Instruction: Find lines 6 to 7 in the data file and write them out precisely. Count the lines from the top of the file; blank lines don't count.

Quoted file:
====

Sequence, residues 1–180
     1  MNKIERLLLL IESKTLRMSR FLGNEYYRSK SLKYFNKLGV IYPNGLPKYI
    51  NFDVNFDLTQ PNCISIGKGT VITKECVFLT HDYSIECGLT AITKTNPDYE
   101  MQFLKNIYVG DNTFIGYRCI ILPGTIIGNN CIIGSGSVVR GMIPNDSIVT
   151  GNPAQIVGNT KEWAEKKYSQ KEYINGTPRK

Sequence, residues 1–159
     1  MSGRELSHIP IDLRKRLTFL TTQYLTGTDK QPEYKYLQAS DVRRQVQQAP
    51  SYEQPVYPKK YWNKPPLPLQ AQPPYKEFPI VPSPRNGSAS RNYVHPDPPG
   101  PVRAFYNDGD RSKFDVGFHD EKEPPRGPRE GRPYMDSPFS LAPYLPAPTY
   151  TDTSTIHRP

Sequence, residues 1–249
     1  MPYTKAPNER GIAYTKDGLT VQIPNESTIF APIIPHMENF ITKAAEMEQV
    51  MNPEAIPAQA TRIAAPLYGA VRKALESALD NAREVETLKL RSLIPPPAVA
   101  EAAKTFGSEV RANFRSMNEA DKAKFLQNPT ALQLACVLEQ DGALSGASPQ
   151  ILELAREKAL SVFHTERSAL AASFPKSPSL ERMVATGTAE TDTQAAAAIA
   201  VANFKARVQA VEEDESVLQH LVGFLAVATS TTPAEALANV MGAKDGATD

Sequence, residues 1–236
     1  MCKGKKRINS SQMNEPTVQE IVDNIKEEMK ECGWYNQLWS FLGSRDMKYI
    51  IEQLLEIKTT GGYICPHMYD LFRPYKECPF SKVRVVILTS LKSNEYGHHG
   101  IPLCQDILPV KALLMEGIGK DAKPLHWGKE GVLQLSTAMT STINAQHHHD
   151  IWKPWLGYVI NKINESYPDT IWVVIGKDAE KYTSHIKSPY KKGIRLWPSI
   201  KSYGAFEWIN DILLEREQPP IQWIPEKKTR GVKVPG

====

Sequence, residues 1–159
     1  MSGRELSHIP IDLRKRLTFL TTQYLTGTDK QPEYKYLQAS DVRRQVQQAP